1 US scientists calculated that Santa would have to visit 822 homes a second to deliver all the world’s presents on Christmas Eve, travelling at 650 miles a second.
2 Robins on cards were a joke 150 years ago when postmen wore red tunics and were named after them.
3 Although now mostly vegetarian, in Victorian times, mince pies were made with beef and spices.
4 The tradition of putting tangerines in stockings comes from 12th-century French nuns who left socks full of fruit, nuts and tangerines at the houses of the poor.
5 Despite the tale of three wise men paying homage to baby Jesus, the Bible never gives a number. Matthew’s Gospel refers to merely ‘wise men.’
6 Carols began as an old English custom called wassailing, toasting neighbours to a long life.
7 Carols weren’t sung in churches until they were introduced by St Francis of Assisi in the 13th century.
8 Hanging stockings out comes from the Dutch custom of leaving shoes packed with food for St Nicholas’s donkeys. He would leave small gifts in return.
9 There is no reference to angels singing anywhere in the Bible.
10 Nearly 60 million Christmas trees are grown each year in Europe.
11 The word Noel derives from the French expression ‘les bonnes nouvelles’ or ‘the good news.’
12 Jesus was probably born in a cave and not a wooden stable, say Biblical scholars.
13 The abbreviation Xmas isn’t irreligious. The letter X is a Greek abbreviation for Christ.
14 The world’s tallest Xmas tree at 221ft high was erected in a Washington shopping mall in 1950.
15 The chances of a white Christmas are just one in ten for England and Wales, and onr in six for Scotland and NI.
16 Many theologians estimate that Jesus wasn’t born on December 25 but sometime in September between 6BC and 30AD.
17 James Pierpont’s 1857 song Jingle Bells was first called One Horse Open Sleigh and was written for Thanksgiving.
18 Before turkey, the traditional Christmas meal in England was a pig’s head and mustard.
19 In 1647, after the English Civil War, Oliver Cromwell banned festivities. The law wasn’t lifted until 1660.
20 In 1999, residents of the state of Maine in America built the world’s biggest ever snowman. He stood at 113ft tall.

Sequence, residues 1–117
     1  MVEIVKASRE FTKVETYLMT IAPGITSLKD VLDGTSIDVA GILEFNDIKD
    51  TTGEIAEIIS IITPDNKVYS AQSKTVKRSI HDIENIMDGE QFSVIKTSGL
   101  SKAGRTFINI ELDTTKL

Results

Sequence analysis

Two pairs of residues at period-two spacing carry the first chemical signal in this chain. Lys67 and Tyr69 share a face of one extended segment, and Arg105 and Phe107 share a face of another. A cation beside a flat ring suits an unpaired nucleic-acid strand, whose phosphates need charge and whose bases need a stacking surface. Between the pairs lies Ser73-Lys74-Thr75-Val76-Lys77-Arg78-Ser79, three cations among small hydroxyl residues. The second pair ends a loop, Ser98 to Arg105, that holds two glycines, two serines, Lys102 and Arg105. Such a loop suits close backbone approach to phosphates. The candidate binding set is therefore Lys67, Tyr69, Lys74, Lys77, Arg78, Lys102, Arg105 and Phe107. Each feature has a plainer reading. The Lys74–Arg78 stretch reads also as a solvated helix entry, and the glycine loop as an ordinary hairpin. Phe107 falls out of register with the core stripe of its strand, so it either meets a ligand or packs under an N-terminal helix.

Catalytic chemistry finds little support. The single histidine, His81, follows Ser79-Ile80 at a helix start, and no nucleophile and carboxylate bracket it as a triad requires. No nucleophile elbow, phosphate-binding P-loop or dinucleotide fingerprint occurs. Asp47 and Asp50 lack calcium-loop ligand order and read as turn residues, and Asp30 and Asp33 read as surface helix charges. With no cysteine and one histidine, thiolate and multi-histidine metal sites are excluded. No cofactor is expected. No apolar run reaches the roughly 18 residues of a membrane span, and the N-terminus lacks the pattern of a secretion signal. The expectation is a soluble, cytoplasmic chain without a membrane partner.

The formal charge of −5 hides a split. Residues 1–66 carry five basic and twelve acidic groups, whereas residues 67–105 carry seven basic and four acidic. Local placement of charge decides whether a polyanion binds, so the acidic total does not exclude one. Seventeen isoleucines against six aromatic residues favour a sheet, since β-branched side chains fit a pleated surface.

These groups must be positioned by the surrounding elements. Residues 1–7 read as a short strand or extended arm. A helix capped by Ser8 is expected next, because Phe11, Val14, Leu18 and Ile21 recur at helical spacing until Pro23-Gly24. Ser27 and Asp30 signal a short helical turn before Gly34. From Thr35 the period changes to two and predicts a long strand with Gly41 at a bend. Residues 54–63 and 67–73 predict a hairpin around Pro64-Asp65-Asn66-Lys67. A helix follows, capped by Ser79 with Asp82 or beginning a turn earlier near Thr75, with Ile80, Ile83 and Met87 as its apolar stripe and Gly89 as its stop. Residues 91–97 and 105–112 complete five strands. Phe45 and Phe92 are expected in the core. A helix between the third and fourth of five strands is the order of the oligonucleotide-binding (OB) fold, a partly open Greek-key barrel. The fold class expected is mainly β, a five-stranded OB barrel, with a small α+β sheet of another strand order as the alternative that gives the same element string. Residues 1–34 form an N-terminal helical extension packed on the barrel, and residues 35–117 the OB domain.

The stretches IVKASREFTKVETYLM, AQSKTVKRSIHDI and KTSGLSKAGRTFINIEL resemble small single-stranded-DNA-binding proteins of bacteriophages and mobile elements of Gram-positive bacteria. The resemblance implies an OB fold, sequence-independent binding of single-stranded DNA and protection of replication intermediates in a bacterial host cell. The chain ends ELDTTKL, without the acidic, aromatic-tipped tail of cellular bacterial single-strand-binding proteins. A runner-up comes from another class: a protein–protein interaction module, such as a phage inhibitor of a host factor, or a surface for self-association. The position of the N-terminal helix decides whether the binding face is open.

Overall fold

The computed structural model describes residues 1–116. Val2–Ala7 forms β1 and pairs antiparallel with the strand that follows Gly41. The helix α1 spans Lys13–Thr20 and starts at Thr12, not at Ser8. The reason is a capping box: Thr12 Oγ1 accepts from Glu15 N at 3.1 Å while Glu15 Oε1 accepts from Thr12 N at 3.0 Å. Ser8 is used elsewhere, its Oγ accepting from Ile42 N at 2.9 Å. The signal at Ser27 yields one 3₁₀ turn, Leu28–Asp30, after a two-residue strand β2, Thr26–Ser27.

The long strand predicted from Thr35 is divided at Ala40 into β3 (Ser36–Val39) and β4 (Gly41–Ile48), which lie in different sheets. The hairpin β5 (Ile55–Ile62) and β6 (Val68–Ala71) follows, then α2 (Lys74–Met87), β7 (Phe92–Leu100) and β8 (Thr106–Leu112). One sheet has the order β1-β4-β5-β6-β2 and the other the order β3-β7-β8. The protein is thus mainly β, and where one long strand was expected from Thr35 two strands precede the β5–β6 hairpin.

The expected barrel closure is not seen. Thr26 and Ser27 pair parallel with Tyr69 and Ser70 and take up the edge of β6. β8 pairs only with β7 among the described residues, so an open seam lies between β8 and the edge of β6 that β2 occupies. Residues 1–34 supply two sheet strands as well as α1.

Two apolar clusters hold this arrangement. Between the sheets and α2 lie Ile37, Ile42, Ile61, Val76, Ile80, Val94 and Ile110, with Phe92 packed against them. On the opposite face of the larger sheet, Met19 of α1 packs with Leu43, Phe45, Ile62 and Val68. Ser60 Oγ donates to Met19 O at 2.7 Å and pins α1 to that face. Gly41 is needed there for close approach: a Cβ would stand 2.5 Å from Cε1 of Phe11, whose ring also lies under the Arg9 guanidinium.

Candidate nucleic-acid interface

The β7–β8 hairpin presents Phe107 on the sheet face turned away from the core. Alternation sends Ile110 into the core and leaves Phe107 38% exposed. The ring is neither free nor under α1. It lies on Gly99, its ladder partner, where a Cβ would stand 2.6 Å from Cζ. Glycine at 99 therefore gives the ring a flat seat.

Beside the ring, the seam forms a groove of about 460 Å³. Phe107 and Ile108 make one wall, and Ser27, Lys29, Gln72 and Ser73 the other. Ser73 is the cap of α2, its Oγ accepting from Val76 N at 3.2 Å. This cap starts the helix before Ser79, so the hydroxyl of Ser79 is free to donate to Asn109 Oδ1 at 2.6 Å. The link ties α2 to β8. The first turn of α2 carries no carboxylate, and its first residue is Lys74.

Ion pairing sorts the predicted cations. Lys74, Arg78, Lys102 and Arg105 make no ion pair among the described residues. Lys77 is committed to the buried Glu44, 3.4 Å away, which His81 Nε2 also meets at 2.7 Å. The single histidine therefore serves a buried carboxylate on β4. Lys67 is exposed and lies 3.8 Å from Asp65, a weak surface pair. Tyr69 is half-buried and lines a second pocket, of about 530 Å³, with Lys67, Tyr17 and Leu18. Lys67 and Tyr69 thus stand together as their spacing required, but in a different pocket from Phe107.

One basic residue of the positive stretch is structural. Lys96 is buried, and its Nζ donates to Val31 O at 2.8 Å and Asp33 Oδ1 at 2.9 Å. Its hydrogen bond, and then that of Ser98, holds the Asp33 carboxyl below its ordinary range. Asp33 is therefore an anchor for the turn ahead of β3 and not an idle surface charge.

21 The Greeks celebrate Christmas on January 7, according to the old Julian calendar, while Xmas presents are opened on New Year’s Day.
22 Many parts of the Christmas tree can actually be eaten, with the needles being a good source of Vitamin C.
23 The holly in a wreath symbolises Christ’s crown of thorns while the red berries are drops of his blood.
24 The first commercial Christmas cards were commissioned by civil servant Sir Henry Cole in London in 1843. Featuring a family drinking wine, one sold for £8,469 last year.
25 Hanging presents on trees may come from the Druids who believed the tree was the giver of all good things.
26 The largest Christmas cracker – 45.72m long and 3.04m in diameter – was pulled in Australia in 1991.
27 The long shopping spree before Christmas began in America when relatives of soldiers posted overseas in the Second World War were encouraged to mail gifts early.
28 Jingle Bells was the first song broadcast from space when Gemini 6 astronauts Tom Stafford and Wally Schirra sang it on December 16, 1965.
29 Astronomers believe the Star Of Bethlehem, which guided the wise men to Jesus, may have been a comet or the planet Uranus.
30 Santa has different names around the world – Kriss Kringle in Germany, Le Befana in Italy, Pere Noel in France and Deushka Moroz (Grandfather Frost) in Russia.
31 The word Christmas comes from the Old English “Cristes maesse” meaning “Christ’s Mass”.
32 The bestselling Xmas single ever is Bing Crosby’s White Christmas, shifting over 50million copies worldwide since 1942.
33 In Britain, the best-selling festive single is Band Aid’s 1984 track, Do They Know It’s Christmas?, which sold 3.5million copies. Wham! is next in the same year with Last Christmas, selling 1.4million.
34 Upside-down artificial Xmas trees are sold to allow more gifts to be piled under.
35 Since 1947 Oslo has sent an Xmas tree to London to thank us for our help in the Second World War.
36 Christmas pudding was originally a soup made with raisins and wine.
37 London sweetmaker Tom Smith created the first Christmas crackers in 1847, based on the sweet wrapper design.
38 Santa Claus comes from a Dutch folk tale based on Saint Nicholas, or Sinterklaas, who gave gifts on December 6.
39 Boxing Day gets its name from all the money collected in church alms-boxes for the poor.
40 Kissing under the mistletoe is thought to spring from Frigga, the Norse goddess of love, who was associated with the plant.
41 The Beatles hold the record for most Xmas number 1 singles, topping the charts in 1963, 65 and 67.
42 Electric tree lights were invented by Edward Johnson in the US in 1882.
43 They may date back to pagan traditions, but the earliest known reference to a Christmas tree is in a German pamphlet from 1570.
44 The highest-grossing festive movie is 2000’s How The Grinch Stole Christmas, which has raked in #175m so far.
45 There are 13 Santas in Iceland, each leaving a gift for children. They come down from the mountain one by one, starting on December 12 and have names like Spoon Licker, Door Sniffer and Meat Hook.
46 Rudolph the red-nosed reindeer was invented for a US firm’s Christmas promotion in 1938.
47 Gold-wrapped chocolate coins commemorate St Nicholas who gave bags of gold coins to the poor.
48 The first Christmas celebrated in Britain is thought to have been in York in 521AD.
49 In Greece, Italy, Spain and Germany, workers get a Christmas bonus of one month’s salary by law.
50 In the Czech Republic they enjoy dinners of fish soup, eggs and carp. The number of people at the table must be even, or the one without a partner will die next year
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